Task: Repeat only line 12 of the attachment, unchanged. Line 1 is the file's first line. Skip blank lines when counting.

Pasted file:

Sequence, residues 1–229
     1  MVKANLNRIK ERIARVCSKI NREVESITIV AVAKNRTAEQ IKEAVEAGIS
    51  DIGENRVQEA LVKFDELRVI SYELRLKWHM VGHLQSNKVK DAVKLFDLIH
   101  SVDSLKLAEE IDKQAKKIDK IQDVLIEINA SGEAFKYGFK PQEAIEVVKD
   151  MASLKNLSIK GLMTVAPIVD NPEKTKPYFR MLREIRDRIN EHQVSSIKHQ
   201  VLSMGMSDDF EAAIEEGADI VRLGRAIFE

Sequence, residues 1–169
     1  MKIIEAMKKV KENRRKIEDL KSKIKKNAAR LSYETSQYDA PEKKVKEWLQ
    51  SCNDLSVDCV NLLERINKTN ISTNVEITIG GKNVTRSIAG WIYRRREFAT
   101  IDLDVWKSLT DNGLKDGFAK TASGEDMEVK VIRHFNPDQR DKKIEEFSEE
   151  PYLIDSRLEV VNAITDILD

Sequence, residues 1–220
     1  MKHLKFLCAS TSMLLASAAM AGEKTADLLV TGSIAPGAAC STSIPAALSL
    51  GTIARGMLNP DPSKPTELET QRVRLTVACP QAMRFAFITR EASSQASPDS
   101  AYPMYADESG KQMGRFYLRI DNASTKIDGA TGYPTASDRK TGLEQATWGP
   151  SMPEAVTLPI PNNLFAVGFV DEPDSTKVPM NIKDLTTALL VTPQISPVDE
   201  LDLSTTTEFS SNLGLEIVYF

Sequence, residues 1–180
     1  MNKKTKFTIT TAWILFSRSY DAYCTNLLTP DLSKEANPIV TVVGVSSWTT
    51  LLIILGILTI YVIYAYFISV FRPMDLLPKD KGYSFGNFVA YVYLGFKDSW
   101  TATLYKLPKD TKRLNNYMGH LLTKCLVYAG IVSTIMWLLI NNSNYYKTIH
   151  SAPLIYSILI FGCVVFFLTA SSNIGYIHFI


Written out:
Sequence, residues 1–220